Alabama is one of 14 states not participating in the expansion of Medicaid. Alabama's 13 has been told that Governor Robert Bentley is weeks, perhaps days, away from making a decision about the future of the health care program in Alabama.
In Alabama, 53% of all births, 43% of all children and 2/3 of nursing home patients use Medicaid to pay for health care. It was originally designed as a program for the poor. Today the federal government uses income and other criteria to determine if someone is eligible to receive Medicaid benefits.
In February, a specially-called state commission sent its report to the governor on ways to fix the program.
Renee Millwood, 66, is one of Alabama's more than 900,000 Medicaid users. She received an HIV waiver which helps with prescriptions, and allows Emma, an aide, to help her out in her home five days a week, four hours a day. Once a radiation therapy technologist, the grandmother of nine also needed extra help after breaking her hip in January of last year.
Millwood said, "After that there was no vacuuming, there was no cleaning, there was no standing in there washing dishes." So her aide helps with that and more.
When asked where she would be if she had not qualified for medicaid, Millwood answered, "I'd wouldn't be here, I'd be under the bridge, sleeping."
Having an aide helps ease fears of day to day living obstacles, also of falling again, but Renee has a new fear.
Millwood said, "My fear of what's he's saying is that he would take it, the programs away, especially from an older person like me or somebody. I'm just afraid that it's gonna be gone."
Renee is talking about Alabama Governor Robert Bentley.
Right now, Alabama pays a third of the state's Medicaid costs. It eats up $600 million of Alabama's $1.7 billion annual budget. The federal government pays the rest.
In November the governor announced he would not expand Medicaid, because the state couldn't afford it, but he wanted to fix it instead.
Last month, his commission made recommendations to do just that, but also explained the Medicaid portion of the state's budget would be in the hole, 100 million dollars in just a couple of years.
Alabama's Public Health Officer, Don Williamson, MD said, "This is a little like changing a tire on a moving car."
The state's top public health officer, Dr. Don Williamson, led the commission.
Dr. Williamson said, "We have to change the way we pay for Medicaid. We have to move it from a volume based and counter based system to an outcome based system."
Dr. Williamson said the Alabama Medicaid Advisory Commission recommended the following changes:
-Allow managed care control on a regional level, similar to an HMO.
-Discourage ER visits
-Avoid what he calls unnecessary hospital admissions.
-Less pay for volume of care, which is how Medicaid is based now, and change the way Medicaid is paid to focus on quality of care and outcome.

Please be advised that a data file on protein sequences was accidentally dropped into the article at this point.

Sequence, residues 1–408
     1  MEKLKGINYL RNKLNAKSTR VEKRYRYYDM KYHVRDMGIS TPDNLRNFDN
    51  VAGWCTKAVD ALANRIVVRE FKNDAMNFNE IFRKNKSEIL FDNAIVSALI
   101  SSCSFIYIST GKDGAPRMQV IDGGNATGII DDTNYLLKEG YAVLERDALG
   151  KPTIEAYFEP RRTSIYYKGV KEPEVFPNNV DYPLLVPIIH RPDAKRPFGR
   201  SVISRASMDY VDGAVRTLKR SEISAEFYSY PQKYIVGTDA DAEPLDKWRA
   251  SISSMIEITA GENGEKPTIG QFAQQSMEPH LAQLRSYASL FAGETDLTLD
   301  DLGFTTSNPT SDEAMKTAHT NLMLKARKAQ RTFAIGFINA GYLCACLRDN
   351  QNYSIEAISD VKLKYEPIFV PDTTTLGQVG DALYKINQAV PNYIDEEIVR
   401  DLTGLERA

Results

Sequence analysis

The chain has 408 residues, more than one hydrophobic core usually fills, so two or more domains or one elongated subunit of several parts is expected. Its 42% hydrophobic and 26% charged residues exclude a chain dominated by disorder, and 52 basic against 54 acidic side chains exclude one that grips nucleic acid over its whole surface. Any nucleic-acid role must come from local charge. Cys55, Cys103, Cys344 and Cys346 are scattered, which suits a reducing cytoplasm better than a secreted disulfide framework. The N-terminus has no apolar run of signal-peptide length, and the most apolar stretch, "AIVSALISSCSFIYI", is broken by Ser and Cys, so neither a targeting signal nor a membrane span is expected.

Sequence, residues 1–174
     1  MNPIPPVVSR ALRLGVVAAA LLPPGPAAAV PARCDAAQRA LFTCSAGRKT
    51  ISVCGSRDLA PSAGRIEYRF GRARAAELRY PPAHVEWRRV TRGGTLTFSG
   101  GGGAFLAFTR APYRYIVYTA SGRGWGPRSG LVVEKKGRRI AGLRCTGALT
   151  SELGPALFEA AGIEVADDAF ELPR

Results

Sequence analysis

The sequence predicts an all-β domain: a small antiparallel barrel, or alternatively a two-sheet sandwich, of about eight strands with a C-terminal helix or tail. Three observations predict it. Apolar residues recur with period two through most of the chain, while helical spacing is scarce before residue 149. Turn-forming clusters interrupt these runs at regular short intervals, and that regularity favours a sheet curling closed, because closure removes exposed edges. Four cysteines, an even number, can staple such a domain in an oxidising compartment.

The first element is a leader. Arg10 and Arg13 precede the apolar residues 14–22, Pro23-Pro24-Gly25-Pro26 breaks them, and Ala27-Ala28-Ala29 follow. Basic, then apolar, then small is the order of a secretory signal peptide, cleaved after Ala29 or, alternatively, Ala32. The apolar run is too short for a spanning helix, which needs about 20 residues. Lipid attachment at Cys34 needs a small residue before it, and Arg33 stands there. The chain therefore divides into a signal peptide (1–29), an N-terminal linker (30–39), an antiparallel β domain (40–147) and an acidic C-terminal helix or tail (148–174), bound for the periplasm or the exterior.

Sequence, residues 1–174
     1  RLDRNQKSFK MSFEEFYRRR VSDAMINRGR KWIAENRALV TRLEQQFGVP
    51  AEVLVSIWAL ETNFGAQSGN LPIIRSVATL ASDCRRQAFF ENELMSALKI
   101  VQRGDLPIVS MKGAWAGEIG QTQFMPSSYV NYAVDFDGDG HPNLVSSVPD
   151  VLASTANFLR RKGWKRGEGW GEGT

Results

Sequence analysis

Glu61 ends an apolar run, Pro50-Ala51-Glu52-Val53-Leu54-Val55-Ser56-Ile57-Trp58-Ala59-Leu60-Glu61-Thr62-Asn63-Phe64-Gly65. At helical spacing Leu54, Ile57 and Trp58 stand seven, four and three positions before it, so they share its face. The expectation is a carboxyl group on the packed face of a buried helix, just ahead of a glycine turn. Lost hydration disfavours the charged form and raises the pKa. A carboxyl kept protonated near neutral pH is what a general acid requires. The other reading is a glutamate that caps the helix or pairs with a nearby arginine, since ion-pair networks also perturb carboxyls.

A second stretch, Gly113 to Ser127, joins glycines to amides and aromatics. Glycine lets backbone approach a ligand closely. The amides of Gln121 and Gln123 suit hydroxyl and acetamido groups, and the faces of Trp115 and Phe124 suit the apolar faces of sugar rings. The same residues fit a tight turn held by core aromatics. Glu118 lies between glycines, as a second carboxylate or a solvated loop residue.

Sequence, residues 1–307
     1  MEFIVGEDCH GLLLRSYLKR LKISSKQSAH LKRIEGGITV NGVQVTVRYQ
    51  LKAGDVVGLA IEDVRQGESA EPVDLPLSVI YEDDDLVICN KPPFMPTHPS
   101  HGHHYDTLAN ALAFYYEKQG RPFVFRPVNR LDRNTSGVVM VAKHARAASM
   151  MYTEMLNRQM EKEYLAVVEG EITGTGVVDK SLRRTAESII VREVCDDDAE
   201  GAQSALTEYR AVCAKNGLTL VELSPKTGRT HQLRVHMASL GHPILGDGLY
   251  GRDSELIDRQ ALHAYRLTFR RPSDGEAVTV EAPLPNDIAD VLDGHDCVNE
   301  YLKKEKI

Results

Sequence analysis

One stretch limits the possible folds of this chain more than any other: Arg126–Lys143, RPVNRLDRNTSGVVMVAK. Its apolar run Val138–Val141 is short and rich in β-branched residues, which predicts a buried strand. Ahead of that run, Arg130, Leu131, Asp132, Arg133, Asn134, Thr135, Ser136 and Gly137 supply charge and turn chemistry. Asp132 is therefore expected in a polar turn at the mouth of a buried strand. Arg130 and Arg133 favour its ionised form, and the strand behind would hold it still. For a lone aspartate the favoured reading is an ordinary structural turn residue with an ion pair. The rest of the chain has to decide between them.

Dr. Williamson said, "It can't survive as is. I think all of us Medicaid as we currently know it is not a sustainable proposition."
He agrees with the governor against expanding Medicaid. As part of the Affordable Care Act, Medicaid would expand to include more people meeting certain income levels -- like adults without children, pregnant women and children, which could add up to 400 thousand people.
Dr. Williamson said, "Simply adding another 400,000 people to a broken system in my judgment, will only make things worse, it won't make things better."
State Senate Majority Leader Jabo Waggoner from Vestavia Hills agrees.
16th District State Senator, Republican Jabo Waggoner said, "It's by far the most expensive agency that we have and we're getting to the point in Alabama, where we do not know how we're going to afford it."
On the other side of the debate - Minority Leader Craig Ford a Democrat from Gadsden believes Alabamians will suffer if Medicaid isn't expanded.
Rep. Ford said, "Let's quit making this a partisan deal, and let's be bipartisan. I think health insurance needs to be bipartisan."
John Archibald a columnist with Alabama Media Group also believes Alabama is making a poor choice in not expanding Medicaid. He said as much in a February column. His views haven't changed since higher profile Republican governors like New Jersey's Chris Christie and Florida's Rick Scott both decided to take the expansion dollars.
Archibald said, "Alabama already receives a $1.85 in federal funds for every dollar it sends to Washington. I mean we are already accepting more than we give. To make a political stand on the backs of our poorest people, is what to me seems to be out of whack."
Everyone Alabama's 13 talked to agrees that alhtough Medicaid could change, it is not going away.
That is of little comfort to Millwood who relies heavily on the program. She said, "I'm not really sure that I believe it."
It's a belief that may have to be spelled out when Governor Bentley makes his final decision about Medicaid in Alabama.
The governor has said publicly he will likely endorse the commission's specific recommendations to overhaul Medicaid. When he does, the state must ask for a waiver to make changes, get the state's lawmakers to get on board, and introduce new laws in order to implement the changes.
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